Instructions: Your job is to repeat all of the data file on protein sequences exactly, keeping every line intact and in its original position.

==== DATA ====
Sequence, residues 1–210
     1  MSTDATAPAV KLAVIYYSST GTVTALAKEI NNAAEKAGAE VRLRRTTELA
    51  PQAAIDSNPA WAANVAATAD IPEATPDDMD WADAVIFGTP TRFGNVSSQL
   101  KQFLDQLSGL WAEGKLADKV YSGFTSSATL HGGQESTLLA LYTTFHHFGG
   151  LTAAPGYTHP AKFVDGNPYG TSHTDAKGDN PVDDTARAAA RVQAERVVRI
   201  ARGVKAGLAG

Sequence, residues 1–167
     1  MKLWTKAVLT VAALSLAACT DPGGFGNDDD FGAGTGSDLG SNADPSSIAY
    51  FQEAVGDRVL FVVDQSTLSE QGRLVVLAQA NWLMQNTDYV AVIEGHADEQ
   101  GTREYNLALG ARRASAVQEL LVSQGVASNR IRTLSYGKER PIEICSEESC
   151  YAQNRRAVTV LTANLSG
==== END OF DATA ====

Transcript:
Sequence, residues 1–210
     1  MSTDATAPAV KLAVIYYSST GTVTALAKEI NNAAEKAGAE VRLRRTTELA
    51  PQAAIDSNPA WAANVAATAD IPEATPDDMD WADAVIFGTP TRFGNVSSQL
   101  KQFLDQLSGL WAEGKLADKV YSGFTSSATL HGGQESTLLA LYTTFHHFGG
   151  LTAAPGYTHP AKFVDGNPYG TSHTDAKGDN PVDDTARAAA RVQAERVVRI
   201  ARGVKAGLAG

Sequence, residues 1–167
     1  MKLWTKAVLT VAALSLAACT DPGGFGNDDD FGAGTGSDLG SNADPSSIAY
    51  FQEAVGDRVL FVVDQSTLSE QGRLVVLAQA NWLMQNTDYV AVIEGHADEQ
   101  GTREYNLALG ARRASAVQEL LVSQGVASNR IRTLSYGKER PIEICSEESC
   151  YAQNRRAVTV LTANLSG